Feds: Owner tried to hide complex Russian scheme
FBI special agent Crosby Houpt testified Wednesday that Fishenko knew the microelectronics were eventually going to the Russian military and took pains to hide that knowledge with phone conversations and emails.
Fishenko allegedly coached the companies in Russia that were working with his firm to remove all references to a known supplier to the Russian military.
Houpt also said a letter from the manufacturer Toshiba said the company didn't know its products were being shipped overseas by Arc Electronics. In the letter, Toshiba said it planned to file a voluntary report with the U.S. Department of Commerce — which made Fishenko and others nervous, Houpt said.
According to court documents, Fishenko was born in the former Soviet Republic of Kazakhstan and graduated from a technical institute in St. Petersburg before coming to America in 1994. In his initial asylum application, Fishenko stated he had no prior military experience, but elsewhere he claimed to have served in a Soviet military intelligence unit in Berlin in the 1980s, according to court records.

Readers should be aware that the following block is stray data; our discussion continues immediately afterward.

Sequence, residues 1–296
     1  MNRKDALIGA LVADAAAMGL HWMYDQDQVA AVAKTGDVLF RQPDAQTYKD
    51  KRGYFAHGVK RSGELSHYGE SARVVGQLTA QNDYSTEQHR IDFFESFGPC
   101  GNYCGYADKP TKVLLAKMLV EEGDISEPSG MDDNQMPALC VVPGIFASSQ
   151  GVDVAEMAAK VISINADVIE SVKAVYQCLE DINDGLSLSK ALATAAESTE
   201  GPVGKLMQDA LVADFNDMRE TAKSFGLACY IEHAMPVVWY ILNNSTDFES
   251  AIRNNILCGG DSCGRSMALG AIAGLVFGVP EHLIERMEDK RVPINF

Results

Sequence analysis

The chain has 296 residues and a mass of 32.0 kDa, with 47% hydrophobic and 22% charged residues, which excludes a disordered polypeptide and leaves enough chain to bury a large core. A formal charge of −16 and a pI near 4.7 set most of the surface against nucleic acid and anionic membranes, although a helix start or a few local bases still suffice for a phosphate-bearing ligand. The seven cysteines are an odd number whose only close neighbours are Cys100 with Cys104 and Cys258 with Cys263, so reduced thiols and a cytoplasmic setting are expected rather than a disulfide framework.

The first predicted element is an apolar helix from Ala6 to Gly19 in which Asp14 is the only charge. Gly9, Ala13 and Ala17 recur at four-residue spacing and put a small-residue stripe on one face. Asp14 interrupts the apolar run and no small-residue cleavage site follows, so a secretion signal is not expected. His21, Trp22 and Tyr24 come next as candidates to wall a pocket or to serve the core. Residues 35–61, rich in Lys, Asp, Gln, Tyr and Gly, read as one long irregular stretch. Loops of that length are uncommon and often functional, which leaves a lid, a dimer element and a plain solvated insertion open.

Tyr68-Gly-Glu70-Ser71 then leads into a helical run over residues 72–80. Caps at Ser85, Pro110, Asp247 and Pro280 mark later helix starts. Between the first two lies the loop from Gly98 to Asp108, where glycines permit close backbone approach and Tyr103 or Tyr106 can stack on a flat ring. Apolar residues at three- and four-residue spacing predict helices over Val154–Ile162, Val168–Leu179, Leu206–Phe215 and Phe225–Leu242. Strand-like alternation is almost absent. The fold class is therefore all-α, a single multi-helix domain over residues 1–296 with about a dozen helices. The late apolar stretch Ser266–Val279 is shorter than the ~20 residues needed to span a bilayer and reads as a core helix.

Fishenko filed paperwork with the Texas Secretary of State to form a for-profit corporation with his Houston business, Arc Electronics, in 2001. His company proved to be successful, earning him about $50 million in gross revenue since 2002.